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About Nano-force-standard-device

Force measurements in the nano- and sub-nanonewton range

Forces  can  only  be  detected  indirectly  by  means  of  their  effects  –  such  as,  for example,  the  acceleration  of  a  mass,  or  the  deformation  of  an  elastic  body.  The functional principle of PTB's nano-force standard facility (NKNM) is based on Hooke's law.  If  we  want  to  measure  very  small  forces,  the  stiffness  of  our  measurement system must be very small. The focus of the NKNM is on the electrostatic system for reducing the stiffness and the electrostatic deflection of the disk pendulum. The functional diagram of the NKNM is shown in Fig. 1


Figure 1: Functional diagram of the nano-force standard facility (NKNM)  (Pendulum length L = 0.3 m, distances between the surfaces of the plate capacitor d1 ≈ d2 ≈10-4 m ).


The system consists of a disk which is suspended by thin, conductive wires between two conductive plates (like a pendulum). The disk pendulum consists of a gold-plated disk and a gold-plated touch pin made of Zerodur. The pin is fixed in the middle of the  disk.  The  disk  pendulum  and  the  outer  plates  form  two  plate  capacitors.  The stiffness of the disk pendulum can only be reduced, from 0.1 N/m bis 3·10-8 N/m, by changing the electrical voltage. The force to be measured, Fm , generates a deflection of  the  disk  pendulum.  The  signal  from  the  interferometer  is  used  to  verify  the deflection of the disk pendulum. It serves as an input signal for the feedback system and, thus, for the electrostatic force compensation. Through this force, the deflection of the disk pendulum is compensated. The force to be measured Fm  is equal to the electrostatic compensation force. To reduce the thermal drift and the seismic noise, the nano-force standard facility consists of two identical parts (see Fig. 2).

Fig. 2: The NKNM consists of two identical parts: a measuring part and a reference part to reduce the seismic noise and the thermal drift.


The difference between the compensation voltages of the measuring disk pendulum and  of  the  reference  disk  pendulum  is  used  to  determine  the  applied  force.  PTB's new  nano-force  standard  facility  has  the  advantage  that  it  can  be  calibrated  very easily  in  the  nanonewton  force  range.  A  small  tilt φ of  the  NKNM  (see  Fig.  3) produces a deflection of the disk pendulum and, thus, an electrostatic compensation force which compensates for this deflection.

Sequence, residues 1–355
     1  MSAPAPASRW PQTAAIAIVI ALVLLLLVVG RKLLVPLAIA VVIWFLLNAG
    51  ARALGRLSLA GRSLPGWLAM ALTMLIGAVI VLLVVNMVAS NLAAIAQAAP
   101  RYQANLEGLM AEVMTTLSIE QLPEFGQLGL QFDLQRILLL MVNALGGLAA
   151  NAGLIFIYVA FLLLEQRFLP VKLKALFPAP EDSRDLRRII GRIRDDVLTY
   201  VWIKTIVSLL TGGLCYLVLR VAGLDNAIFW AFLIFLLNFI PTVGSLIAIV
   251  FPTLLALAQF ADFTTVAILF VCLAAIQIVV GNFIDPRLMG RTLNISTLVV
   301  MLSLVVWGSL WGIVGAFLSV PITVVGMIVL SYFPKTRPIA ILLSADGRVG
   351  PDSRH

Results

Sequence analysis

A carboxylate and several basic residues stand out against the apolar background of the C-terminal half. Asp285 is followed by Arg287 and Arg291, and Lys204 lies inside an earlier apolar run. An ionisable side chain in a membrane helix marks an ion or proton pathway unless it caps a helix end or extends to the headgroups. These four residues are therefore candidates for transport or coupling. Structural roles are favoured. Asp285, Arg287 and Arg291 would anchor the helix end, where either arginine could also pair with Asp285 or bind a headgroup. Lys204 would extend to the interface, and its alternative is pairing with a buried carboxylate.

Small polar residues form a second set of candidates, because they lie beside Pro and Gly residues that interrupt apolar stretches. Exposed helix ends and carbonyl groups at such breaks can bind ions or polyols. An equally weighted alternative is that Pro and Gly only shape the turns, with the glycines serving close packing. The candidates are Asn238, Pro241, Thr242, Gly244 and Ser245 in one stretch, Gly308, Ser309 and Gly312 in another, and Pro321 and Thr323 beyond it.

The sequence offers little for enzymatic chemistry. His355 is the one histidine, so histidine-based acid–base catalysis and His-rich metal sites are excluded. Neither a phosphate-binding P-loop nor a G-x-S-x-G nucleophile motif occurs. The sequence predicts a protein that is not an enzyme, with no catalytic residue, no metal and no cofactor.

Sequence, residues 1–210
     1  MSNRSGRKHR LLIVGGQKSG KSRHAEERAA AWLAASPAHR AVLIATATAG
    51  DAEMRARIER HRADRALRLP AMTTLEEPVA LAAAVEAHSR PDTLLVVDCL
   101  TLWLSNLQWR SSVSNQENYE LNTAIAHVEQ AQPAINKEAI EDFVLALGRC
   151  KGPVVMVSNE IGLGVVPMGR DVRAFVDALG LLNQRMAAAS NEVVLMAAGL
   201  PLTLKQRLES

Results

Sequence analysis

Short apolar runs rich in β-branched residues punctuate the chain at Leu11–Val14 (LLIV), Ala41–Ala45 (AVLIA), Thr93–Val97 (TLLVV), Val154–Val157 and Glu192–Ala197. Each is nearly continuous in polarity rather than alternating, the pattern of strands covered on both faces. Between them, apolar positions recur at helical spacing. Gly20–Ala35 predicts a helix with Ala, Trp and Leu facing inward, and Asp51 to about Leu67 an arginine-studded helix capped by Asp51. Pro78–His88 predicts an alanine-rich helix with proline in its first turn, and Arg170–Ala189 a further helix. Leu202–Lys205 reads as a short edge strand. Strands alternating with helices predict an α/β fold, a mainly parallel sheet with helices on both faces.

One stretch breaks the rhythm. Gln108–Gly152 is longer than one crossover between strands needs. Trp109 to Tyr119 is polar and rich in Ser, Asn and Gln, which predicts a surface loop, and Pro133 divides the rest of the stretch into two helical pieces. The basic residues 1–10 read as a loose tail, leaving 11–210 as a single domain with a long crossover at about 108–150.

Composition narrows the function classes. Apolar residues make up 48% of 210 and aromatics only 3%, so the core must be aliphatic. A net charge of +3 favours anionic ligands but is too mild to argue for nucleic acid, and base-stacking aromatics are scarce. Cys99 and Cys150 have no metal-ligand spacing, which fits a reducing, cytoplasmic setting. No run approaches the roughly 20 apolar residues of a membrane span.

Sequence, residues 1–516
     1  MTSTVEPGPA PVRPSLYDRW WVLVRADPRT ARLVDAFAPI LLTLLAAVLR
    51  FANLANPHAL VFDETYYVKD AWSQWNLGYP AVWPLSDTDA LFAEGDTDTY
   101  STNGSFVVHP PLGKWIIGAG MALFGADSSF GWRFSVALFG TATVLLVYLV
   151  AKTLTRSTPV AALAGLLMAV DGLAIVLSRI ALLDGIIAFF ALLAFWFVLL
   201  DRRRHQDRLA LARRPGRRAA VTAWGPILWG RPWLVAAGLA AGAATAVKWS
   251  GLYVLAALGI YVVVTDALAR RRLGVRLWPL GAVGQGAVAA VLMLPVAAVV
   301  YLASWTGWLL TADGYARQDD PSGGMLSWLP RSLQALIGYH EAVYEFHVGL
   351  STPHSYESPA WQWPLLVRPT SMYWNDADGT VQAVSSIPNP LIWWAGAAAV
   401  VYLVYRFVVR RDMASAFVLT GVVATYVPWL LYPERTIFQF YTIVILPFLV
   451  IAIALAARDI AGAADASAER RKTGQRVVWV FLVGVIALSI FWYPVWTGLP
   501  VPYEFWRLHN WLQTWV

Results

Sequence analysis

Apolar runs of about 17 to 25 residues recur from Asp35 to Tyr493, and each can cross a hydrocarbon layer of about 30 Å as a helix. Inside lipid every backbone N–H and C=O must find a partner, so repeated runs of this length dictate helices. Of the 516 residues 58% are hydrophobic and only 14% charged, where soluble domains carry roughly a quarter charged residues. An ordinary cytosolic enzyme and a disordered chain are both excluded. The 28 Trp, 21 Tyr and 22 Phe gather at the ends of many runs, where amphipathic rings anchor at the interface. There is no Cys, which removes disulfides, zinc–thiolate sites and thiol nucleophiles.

Fig.3: Generation of forces by tilting the NKNM


A  small  periodic  tilt  φ of  the  NKNM  was  generated  by  moving  a  large  pendulum weight (M ≈ 200 kg). To measure the inclination of the NKNM, the reference part was used.


Fig.  4:  Signals  of  the NKNM  during  calibration by  periodic  tilting  of  the measuring table.  Hereby,  the  reference  pendulum  was  deflected  by  the  tilt  and  the measurement pendulum held in the rest position by the compensation voltage.  (φ: Tilt angle of the measuring table, σ: standard deviation)



Fig.  4  shows  the  deflection  of  the  reference  disk  pendulum  (black  curve),  the deflection  of  the  measuring  disk  pendulum  (red  curve)  and  the  respective compensation voltage of the measuring part (blue curve). The tilt is calculated from the deflection of the reference disk pendulum divided by the length of the pendulum L. A tilt of 2 nrad generates a force of 80 pN:

         φ = Δx/L = 2 nrad,   F = m·g·φ = 80 pN,  80 pN ⇔ 55 µV